Summer is a time when you spend your days at the beach and bonfires with friends at night – usually with fruity drinks in hand. Summer is my favorite time of year because the days feel longer, you can swim endlessly in the ocean, and end the night with a tan and a barbecued hamburger. The reality of these precious summer months is that all the benefits like longer days, better visibility, and dryer roads mean more people are on the road and more people are traveling towards the weather. According to the NHTSA, the higher number of travelers and alcohol-impaired drivers during holiday seasons causes about twice as many vehicle deaths as the rest of the year combined. Could it also have to do with the endless summer hours and teenage drivers who drink alcohol? Yes.


Underage Drinking

The legal limit for your blood alcohol content is .08%, so any amount above this will result in a driving-under-the-influence (DUI) charge. The issue with this is that summer is one of the most dangerous times for driving teenagers. According to the U.S. Department of Health and Human Services, about 5.8% of kids 16 and 17 and 15.1% of 18 to 20 year olds admitted to driving with alcohol in their system in 2010. In 2010, a total of 3,115 teenagers ages 13-19 died in car accidents. With teenage drivers, there are many factors that make this age group more susceptible to vehicle accidents such as less driving experience and a higher probability of distracted driving. Adding alcohol to this already-at-risk age group only makes the road more dangerous.


Nine out of the ten deadliest days for teenagers on the road falls between May and August – the summer months. It is evident that a significant jump in drunk driving occurs during the summer when teenagers have more free time and the freedom to engage in social events that involve alcohol.

What does this mean?


According to Mothers Against Drunk Driving (MADD), a person is killed every 34 minutes during Labor Day Weekend due to drunk driving. Statistics show that drunk driving is indeed more prevalent during holiday and summer times so it is imperative to be an extra cautious driver during these times. This is the time to transform your typically relaxed yet vigilant driving mindset into one characteristic of a defensive and hyper-alert driver.


Drunk driving not only affects your life and everyone else’s life on the road, it affects your wallet in a big way. In the US, the total cost of a first DUI offense is between $7,772- $10,172. This large chunk of money includes:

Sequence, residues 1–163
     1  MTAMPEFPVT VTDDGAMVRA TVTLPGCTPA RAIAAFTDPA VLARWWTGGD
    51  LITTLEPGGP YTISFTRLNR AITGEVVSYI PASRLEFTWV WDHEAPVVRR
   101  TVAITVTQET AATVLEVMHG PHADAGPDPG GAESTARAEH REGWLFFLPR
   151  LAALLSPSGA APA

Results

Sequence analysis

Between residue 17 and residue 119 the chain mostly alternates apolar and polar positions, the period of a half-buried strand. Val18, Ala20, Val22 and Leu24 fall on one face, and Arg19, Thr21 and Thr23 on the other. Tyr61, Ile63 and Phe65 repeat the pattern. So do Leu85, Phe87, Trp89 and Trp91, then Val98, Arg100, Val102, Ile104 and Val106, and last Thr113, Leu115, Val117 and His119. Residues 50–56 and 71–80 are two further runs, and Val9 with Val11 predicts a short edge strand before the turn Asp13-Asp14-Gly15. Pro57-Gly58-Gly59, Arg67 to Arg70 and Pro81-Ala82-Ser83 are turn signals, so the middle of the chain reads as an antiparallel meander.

–       Minimum fine of $400

–       Penalty assessment

–       State restitution fund

–       Alcohol abuse education fund

–       Blood breath testing fee

–       Driving alcohol school

–       Jail Cite and Release Fund

–       License Reissue Fee

–       Attorney Fee (around $2,500)

–       Auto Insurance Increase (typically between $3,600-$6,000)

How Do We Stay Safe?

The sun is shining, the water is heating up, and friendships are becoming stronger over late-night swims and social gatherings. Summer is a time to cherish. With all this being said, it is also a dangerous season that requires each person to be aware of his surroundings and adapt accordingly.


  1.     When attending a social event where there is alcohol present, arrange for a friend/parent/Uber driver to handle the driving
  2.     Never get behind the wheel if you feel the effects of alcohol (if you are underage, do not attempt to drive even with one drop of alcohol in your system or it will immediately result in a DUI)
  3.     If you are hosting a party with alcohol, take the keys of the party guests away or ensure everyone has a designated driver or taxi
  4.     If you are a parent, make sure you discuss with your children the consequences and dangers of driving under the influence of alcohol

The only thing more fun than a hot summer, is a safe summer.



Alexa MartinAbout the Author

Alexa Martin is a Loyola Marymount University graduate who is currently a content marketing specialist in California. She works with multiple law firms across the United States and focuses primarily on safety and elder care.

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